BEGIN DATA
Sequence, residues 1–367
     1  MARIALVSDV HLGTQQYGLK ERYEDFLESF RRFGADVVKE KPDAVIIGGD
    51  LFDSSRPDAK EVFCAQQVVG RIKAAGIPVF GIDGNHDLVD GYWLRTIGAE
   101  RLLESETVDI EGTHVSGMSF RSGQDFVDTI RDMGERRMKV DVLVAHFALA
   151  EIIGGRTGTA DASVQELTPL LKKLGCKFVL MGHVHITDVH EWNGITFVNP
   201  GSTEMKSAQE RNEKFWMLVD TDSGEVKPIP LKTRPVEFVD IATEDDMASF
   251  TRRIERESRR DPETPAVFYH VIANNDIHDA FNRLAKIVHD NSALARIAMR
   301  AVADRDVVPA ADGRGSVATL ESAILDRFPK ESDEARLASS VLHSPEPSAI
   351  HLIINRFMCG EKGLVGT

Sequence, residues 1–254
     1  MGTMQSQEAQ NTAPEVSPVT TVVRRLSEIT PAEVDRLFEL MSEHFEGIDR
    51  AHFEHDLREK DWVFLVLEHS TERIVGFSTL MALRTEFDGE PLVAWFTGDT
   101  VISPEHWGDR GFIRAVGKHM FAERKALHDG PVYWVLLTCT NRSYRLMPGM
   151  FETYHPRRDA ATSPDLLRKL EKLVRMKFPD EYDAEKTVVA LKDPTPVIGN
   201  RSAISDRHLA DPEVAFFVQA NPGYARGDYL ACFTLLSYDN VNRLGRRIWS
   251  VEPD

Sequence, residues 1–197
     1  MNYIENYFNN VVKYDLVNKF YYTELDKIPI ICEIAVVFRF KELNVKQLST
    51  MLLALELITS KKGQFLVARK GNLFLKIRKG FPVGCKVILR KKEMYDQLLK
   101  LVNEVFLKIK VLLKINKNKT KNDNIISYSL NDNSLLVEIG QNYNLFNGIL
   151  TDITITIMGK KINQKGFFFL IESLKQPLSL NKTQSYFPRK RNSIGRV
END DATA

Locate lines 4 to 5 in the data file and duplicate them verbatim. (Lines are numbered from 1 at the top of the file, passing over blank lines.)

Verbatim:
   101  RLLESETVDI EGTHVSGMSF RSGQDFVDTI RDMGERRMKV DVLVAHFALA
   151  EIIGGRTGTA DASVQELTPL LKKLGCKFVL MGHVHITDVH EWNGITFVNP